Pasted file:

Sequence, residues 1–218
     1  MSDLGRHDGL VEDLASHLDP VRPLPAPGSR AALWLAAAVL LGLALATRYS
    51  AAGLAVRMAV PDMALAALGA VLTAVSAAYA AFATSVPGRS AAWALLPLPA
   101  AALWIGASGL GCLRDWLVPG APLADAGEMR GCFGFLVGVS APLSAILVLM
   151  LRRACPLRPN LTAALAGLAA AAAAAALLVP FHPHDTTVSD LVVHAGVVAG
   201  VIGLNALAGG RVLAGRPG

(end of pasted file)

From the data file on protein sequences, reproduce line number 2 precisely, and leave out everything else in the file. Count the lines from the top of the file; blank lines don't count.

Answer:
     1  MSDLGRHDGL VEDLASHLDP VRPLPAPGSR AALWLAAAVL LGLALATRYS